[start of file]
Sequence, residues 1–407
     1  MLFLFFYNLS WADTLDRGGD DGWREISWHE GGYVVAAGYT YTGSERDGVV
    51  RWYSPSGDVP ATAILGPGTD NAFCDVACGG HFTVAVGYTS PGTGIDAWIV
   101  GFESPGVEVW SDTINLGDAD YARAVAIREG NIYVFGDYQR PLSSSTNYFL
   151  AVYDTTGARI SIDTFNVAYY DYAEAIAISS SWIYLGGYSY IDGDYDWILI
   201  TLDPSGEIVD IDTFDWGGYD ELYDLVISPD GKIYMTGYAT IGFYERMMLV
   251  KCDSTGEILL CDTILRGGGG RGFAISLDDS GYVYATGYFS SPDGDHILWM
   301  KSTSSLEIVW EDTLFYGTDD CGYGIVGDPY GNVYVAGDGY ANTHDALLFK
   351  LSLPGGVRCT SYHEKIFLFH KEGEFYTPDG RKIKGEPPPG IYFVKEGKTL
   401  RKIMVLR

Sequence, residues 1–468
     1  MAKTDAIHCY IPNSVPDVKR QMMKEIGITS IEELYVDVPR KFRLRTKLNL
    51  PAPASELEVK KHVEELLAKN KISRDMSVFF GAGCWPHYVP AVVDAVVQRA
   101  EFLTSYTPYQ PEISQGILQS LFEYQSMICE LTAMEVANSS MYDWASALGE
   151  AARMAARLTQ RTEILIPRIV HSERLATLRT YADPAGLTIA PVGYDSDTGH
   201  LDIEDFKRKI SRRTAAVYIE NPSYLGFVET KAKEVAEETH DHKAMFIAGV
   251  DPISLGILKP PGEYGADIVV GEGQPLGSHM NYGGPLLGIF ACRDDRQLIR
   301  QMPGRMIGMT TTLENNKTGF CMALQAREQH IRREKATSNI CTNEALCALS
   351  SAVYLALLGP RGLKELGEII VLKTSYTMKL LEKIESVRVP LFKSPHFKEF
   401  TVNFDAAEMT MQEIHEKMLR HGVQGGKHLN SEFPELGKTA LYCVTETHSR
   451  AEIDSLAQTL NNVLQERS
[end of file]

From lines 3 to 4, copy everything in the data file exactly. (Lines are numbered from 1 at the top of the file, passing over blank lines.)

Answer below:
    51  RWYSPSGDVP ATAILGPGTD NAFCDVACGG HFTVAVGYTS PGTGIDAWIV
   101  GFESPGVEVW SDTINLGDAD YARAVAIREG NIYVFGDYQR PLSSSTNYFL